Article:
#CityParkMemories: In Loving Memory of

Martinho Jose Lobo Beloved son of Julia Maria & Antonio Xavier (1921 - 1949)
“This is the wealthiest place,” commented Lela on Saturday the 12th of December 2020, as we stood by the Commonwealth War Graves at Forest Road Cemetery, City Park. Indeed, the ages on the tombstones ranged from 18 to 30, and one cannot help but wonder what would have happened if the world wars never happened and the young souls lived. The perfectly maintained Commonwealth War Graves are a reminder of the sacrifices that were made by the young. If the youth in the First and Second World Wars did not step up when called upon, how would the world have turned out?

City Park’s cemeteries (Forest Road Cemetery and Nairobi City Park Cemetery) reflect the long history of Nairobi’s service to the world, its struggle for independence, the diversity of its population, and its segregated spaces. Prior to independence, the cemeteries in Nairobi were divided by ethnicity. At City Park, they are divided to include a Jewish cemetery, a Goan section of the cemetery as well as sections related to Commonwealth wars.

Also buried in City Park are two beloved children of Kenya; Pio Gama Pinto (1927-1965) and Joseph Murumbi (1911 – 1990). Pio Gama Pinto, a leader in the fight for Kenya’s Independence rests here with his Father A. F. da Gama Pinto (1897 – 1957). A.F. De Gama Pinto was buried in City Park while his son was in detention at Lamu during the Emergency.

Replica of Pio Pinto Gama’s Tombstone. The quote reads “If He Has Been Extinguished Yet There Arise A Thousand Beacons From The Spark He Bore.”

It is said that while in detention Pinto was able to organize a vibrant football team, he was indeed a fiery ball of rebellious positive energy, a model for the Kenyan youth. The foundations of Kenya’s Independence was brought about by the sacrifice of many young men and women.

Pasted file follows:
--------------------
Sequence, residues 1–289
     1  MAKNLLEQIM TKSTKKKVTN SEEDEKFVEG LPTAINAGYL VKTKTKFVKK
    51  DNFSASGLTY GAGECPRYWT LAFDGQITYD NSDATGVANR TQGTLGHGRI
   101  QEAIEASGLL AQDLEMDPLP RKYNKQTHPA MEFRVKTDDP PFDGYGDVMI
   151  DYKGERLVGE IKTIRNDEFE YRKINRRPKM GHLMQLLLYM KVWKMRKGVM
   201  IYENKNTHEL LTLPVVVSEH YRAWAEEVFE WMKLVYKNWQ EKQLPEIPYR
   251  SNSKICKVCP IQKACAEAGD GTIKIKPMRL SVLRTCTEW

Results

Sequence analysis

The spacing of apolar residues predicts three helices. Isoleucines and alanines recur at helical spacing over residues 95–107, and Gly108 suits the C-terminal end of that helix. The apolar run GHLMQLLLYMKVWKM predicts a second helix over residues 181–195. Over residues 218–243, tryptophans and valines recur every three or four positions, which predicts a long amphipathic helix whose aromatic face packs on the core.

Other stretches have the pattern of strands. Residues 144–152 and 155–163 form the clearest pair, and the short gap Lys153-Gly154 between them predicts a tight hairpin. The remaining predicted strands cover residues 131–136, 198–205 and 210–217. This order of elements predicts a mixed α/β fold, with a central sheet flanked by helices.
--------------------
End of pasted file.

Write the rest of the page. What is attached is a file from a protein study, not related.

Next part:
Because the Goan cemetery was full, Joseph Murumbi, Kenya’s second Vice President and renowned collector of African art is buried, at his request, just outside the Goan section of the cemetery as near as possible to his friend and colleague Pio Gama Pinto. Around his grave is a quiet Peace Memorial Sculpture Garden set up in his honor.

Entrance to the Murumbi Memorial. [Photo: FoCP]

Today, the City Park Cemeteries are all full except for the Jewish Cemetery. You can always tell a Commonwealth War Grave from the other graves at City Park because they are beautifully maintained by the Commonwealth War Graves Commission.

Sadly, besides these graves, the Murumbi Memorial which is maintained by the National Museums of Kenya and the Jewish cemetery, all other graves have not been properly maintained by the Cemeteries Department of Nairobi Metropolitan Services. There is clear vandalism on some tombstones and a general sense of insecurity for visitors at Forest Road Cemetery.

by: Karimi Kimathi and Bettina Ng’weno.

2 Responses to “#CityParkMemories: In Loving Memory of”

  1. Viki21/12/2020 at 9:34 am #

    Why would anyone vandalise a cemetery?? Thanks for the good read and raising awareness on improving the state of the cemetery. The relevant body should be responsible but people should also refrain from destroying it.

    • Friends22/12/2020 at 8:21 am #

      Thank you, Viki, for the feedback. Keep a lookout for a future blog post where we plan to engage the government authorities in charge of the security and maintenance of the Cemeteries.

Leave a Reply